A sad day for those with coal mining ancestors and interests. Whilst doing some research into my many ancestors working in this industry, I attempted to access one of my favourite occupational websites, “The Coal Mining History Resource Centre” (CMHRC).
However it appears to have vanished.
Ian Winstanley compiled the information for the website. But I believe Raleys Solicitors, an old-established Barnsley law firm specialising in miners’ compensation claims, ran it. They went into administration in March 2016. Whereas client work appears to have transferred to Ison Harrison Solicitors, the website seems to have been a casualty.
Ancestry.co.uk have Ian Winstanley’s “Coal Mining Accidents and Death Index 1700-1950“, which was on the site. But CMHRC was far more than this wonderful database. Described as the UK’s largest and most comprehensive website concerning the history of coal-mining, its resources included maps, the 1842 Royal Commission reports, poems, a glossary of mining terms and a photo gallery. Unlike Ancestry, it was a free website. And to be honest I much preferred its search facility.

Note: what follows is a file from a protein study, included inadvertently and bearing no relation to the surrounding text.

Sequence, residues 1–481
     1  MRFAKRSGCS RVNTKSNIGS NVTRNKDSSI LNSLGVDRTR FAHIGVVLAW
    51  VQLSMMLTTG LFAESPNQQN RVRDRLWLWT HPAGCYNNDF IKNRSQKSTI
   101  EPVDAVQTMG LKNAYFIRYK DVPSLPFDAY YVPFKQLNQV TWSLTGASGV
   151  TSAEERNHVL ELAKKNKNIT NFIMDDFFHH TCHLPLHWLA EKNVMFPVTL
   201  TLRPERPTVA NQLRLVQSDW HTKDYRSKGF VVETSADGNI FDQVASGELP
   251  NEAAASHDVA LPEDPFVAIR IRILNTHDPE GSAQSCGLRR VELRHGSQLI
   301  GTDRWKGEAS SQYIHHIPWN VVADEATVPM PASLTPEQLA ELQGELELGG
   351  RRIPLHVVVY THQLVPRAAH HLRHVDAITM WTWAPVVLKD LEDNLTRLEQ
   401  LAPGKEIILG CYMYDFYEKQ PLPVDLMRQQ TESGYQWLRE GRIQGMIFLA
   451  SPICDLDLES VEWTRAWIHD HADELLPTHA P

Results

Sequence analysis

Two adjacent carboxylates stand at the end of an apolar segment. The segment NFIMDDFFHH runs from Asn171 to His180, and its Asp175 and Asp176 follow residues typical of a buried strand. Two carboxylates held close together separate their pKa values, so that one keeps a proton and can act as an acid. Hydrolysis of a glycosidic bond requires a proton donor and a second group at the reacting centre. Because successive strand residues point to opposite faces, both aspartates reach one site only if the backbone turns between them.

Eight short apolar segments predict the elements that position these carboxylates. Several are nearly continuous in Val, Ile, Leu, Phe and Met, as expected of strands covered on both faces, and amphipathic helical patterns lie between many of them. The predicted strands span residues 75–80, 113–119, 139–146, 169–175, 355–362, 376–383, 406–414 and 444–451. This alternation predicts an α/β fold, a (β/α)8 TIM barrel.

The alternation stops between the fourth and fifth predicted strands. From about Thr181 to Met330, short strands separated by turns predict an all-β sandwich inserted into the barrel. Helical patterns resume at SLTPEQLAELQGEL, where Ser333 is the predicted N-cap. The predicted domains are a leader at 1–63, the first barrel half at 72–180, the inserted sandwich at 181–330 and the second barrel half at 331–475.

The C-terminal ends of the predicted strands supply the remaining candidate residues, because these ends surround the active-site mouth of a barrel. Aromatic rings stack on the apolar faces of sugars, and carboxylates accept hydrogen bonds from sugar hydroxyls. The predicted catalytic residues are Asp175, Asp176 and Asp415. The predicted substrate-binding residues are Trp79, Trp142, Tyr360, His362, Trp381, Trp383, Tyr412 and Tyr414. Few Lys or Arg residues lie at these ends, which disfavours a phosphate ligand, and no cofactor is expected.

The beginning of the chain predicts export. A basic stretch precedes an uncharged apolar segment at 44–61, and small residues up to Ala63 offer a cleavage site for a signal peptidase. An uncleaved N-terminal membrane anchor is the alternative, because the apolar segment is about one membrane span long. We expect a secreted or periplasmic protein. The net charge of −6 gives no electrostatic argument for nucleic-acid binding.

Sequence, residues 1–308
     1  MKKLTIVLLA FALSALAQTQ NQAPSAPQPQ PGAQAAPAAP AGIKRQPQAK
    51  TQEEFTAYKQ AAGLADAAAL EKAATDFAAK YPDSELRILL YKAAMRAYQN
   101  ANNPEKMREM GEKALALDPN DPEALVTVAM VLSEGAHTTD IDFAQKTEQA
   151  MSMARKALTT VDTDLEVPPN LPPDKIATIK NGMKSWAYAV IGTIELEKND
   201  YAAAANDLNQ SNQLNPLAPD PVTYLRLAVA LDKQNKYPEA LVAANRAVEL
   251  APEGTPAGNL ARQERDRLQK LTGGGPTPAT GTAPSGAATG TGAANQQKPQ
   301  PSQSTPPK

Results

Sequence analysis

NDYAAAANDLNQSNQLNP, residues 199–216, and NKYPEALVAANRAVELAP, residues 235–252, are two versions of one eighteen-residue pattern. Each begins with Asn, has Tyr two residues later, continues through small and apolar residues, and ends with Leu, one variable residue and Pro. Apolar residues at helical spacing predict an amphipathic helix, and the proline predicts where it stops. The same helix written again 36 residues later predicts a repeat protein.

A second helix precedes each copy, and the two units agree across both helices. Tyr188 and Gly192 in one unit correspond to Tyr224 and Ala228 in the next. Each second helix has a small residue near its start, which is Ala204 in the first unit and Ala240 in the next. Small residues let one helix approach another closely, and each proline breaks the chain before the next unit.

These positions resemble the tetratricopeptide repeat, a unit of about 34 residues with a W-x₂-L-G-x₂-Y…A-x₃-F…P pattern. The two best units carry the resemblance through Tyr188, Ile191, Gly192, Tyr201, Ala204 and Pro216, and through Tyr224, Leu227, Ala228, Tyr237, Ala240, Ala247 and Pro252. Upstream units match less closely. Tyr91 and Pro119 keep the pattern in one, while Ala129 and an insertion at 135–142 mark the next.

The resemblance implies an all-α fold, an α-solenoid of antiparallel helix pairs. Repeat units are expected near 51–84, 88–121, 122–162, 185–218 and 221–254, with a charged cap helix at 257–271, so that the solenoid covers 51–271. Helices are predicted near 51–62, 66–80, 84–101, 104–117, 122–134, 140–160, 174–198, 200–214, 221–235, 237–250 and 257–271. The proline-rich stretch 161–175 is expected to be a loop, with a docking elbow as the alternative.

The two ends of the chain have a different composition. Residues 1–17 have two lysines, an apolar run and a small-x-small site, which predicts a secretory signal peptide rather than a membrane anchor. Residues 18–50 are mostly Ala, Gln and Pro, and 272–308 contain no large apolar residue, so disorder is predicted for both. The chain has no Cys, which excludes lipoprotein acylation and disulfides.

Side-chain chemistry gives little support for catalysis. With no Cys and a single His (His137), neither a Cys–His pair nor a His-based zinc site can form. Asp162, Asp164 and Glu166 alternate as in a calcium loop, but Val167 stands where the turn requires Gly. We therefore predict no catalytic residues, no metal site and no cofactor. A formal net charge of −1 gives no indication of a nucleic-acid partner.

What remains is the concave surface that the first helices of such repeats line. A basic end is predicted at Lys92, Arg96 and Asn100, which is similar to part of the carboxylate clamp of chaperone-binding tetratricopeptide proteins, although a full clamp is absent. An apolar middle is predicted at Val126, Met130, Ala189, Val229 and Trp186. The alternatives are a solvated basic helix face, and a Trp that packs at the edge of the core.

I would hope the loss of CMHRC is temporary and it can soon be restored in all its former glory. But in the meantime there is a bit of a work round.
In my post about an obsolete County Mayo website, I described how the Internet Archive Wayback Machine could be useful in accessing defunct websites. You can partly access CMHRC via this mechanism, but be warned you do lose much of the original site functionality.
If searching via the Internet Archive Wayback Machine, the URL to use for CMHRC is: http://www.cmhrc.co.uk
Make sure you search for 2016 captures and earlier. It is far from perfect but it might help.
There are also the following useful sites:
- National Coal Mining Museum: http://www.ncm.org.uk
- The North of England Mining Institute of Mining and Mechanical Engineers: http://www.mininginstitute.org.uk
- The Durham Mining Museum: http://www.dmm.org.uk
- Mines Rescue: http://www.healeyhero.co.uk/
Feel free to add more to the list.
Some suggestions that I’ve since received (thanks Judy & Fergus):